Alcoa operates the Yadkin Project under a license from the Federal Energy Regulatory Commission. The previous 50-year license was issued in 1958 and Alcoa started the relicensing process in 2002, but administrative and legal challenges from state officials have delayed renewal. Perdue and other takeover supporters, including the Stanly County Commission, believe the state would be a better steward of the water resources, the environment, and the electrical power.
Perdue’s strategy relies on convincing the federal government to deny a new license to Alcoa. The federal government would then assume control of the project, giving the state an opportunity to acquire the hydroelectric facilities.
Alcoa’s reservoirs, named High Rock, Tuckertown, Badin, and Falls, lie within 38,000 acres of real estate owned by Alcoa Power Generating Inc., a subsidiary of Pittsburgh-based Alcoa. Alcoa bought the land and constructed the hydroelectric dams to supply power to its aluminum smelting plant in Badin. Aluminum production started in 1917 and continued until 2002, when the company shut down most of the operation. All production stopped in 2007.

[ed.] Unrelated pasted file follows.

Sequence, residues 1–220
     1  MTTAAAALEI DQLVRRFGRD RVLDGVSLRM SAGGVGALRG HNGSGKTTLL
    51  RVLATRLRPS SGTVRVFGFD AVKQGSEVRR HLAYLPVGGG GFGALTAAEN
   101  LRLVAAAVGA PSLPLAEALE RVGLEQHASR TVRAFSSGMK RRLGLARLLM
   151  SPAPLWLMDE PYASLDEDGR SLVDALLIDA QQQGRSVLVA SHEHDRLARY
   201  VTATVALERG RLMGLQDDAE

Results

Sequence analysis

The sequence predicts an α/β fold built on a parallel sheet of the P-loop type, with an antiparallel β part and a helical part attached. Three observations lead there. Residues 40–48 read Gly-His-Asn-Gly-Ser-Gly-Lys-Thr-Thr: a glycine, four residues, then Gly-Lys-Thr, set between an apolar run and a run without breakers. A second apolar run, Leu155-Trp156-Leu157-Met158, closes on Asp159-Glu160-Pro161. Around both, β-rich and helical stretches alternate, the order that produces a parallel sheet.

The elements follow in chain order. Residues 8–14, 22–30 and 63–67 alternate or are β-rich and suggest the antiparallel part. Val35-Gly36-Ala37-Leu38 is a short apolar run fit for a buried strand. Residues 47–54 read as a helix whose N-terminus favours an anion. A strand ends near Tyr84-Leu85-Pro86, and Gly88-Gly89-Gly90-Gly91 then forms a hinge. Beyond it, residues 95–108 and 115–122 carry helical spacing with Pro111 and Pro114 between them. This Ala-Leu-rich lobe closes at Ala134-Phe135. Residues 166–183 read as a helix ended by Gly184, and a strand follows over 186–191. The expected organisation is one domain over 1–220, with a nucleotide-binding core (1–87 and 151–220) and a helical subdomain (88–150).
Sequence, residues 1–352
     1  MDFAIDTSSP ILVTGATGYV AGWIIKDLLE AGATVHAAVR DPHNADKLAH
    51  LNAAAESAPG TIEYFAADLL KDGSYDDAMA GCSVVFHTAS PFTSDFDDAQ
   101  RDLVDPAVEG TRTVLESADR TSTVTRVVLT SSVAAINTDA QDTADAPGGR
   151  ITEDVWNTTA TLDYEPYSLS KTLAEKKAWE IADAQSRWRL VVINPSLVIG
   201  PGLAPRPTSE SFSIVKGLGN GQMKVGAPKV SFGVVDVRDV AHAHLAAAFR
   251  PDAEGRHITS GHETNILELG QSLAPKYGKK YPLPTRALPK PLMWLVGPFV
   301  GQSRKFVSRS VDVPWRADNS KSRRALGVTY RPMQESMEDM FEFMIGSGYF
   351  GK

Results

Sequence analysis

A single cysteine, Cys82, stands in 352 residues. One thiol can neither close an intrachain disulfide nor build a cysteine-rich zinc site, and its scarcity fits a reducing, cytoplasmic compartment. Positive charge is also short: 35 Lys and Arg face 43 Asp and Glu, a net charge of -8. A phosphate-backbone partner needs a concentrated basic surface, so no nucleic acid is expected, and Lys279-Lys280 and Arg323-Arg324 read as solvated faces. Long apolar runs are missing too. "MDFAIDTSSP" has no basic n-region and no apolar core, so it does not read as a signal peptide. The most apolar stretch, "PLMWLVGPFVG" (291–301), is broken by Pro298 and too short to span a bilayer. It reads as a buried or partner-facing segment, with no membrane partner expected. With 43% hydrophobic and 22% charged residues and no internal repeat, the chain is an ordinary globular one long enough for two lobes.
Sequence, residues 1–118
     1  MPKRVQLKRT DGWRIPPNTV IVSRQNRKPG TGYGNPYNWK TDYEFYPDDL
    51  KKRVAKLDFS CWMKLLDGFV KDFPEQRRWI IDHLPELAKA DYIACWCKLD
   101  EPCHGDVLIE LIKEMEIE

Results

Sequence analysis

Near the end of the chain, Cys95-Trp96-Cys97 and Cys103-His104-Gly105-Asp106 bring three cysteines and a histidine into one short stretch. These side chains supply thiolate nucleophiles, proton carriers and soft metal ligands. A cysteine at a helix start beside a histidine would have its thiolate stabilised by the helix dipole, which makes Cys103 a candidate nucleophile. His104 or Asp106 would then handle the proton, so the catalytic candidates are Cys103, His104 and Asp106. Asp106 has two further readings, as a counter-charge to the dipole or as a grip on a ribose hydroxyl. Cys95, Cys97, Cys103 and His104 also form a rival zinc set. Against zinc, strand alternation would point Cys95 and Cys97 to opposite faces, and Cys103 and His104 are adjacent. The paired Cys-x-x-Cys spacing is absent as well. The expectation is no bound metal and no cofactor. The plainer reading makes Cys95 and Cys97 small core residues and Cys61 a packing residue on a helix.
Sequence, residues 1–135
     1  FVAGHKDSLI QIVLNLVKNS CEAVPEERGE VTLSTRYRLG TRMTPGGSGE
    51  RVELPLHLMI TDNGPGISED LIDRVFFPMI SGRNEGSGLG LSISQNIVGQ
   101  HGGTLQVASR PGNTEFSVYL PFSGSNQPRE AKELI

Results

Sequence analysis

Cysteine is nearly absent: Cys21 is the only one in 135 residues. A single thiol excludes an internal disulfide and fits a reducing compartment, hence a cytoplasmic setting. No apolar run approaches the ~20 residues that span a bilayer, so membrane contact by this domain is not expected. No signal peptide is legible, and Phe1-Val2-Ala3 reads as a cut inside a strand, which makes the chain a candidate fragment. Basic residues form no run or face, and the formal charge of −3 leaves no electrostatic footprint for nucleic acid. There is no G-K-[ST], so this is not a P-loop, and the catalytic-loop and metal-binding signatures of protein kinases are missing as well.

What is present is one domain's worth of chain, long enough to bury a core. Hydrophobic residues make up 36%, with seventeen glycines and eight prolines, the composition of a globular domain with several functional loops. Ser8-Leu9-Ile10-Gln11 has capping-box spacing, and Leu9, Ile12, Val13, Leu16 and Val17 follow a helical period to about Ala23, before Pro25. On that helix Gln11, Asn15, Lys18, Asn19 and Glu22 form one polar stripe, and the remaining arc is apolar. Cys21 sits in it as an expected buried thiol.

The hydro facilities continue to generate up to 210 megawatts of electricity that Alcoa sells to other power companies.
FERC likely would have issued a new license to Alcoa if Gov. Mike Easley had not intervened in April 2008. Citing concerns of some local governments in the region, Easley asked FERC to delay issuing a new license until those concerns were addressed. Perdue, Easley’s successor, has continued the fight.
In December, the state revoked a water quality permit for the Yadkin Project after it learned of emails between Alcoa engineers dating back several years questioning the effectiveness of a technology used to enhance water quality.
Federal regulators have put the relicensing on hold until the legal issues, including the controversy over the water quality permit, are settled.
Don Carrington is executive editor of Carolina Journal.